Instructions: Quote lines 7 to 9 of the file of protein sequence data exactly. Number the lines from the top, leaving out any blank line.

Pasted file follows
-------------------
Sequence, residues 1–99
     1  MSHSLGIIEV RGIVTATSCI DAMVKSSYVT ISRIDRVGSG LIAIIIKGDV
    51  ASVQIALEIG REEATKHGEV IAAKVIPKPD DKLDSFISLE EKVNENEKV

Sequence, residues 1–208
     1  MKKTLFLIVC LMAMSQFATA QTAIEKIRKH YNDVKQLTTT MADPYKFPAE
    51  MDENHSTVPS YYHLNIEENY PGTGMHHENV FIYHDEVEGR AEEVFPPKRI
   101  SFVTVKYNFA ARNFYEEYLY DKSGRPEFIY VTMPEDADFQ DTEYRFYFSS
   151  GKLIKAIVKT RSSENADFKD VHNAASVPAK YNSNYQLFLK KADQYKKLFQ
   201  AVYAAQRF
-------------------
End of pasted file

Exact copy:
   101  SFVTVKYNFA ARNFYEEYLY DKSGRPEFIY VTMPEDADFQ DTEYRFYFSS
   151  GKLIKAIVKT RSSENADFKD VHNAASVPAK YNSNYQLFLK KADQYKKLFQ
   201  AVYAAQRF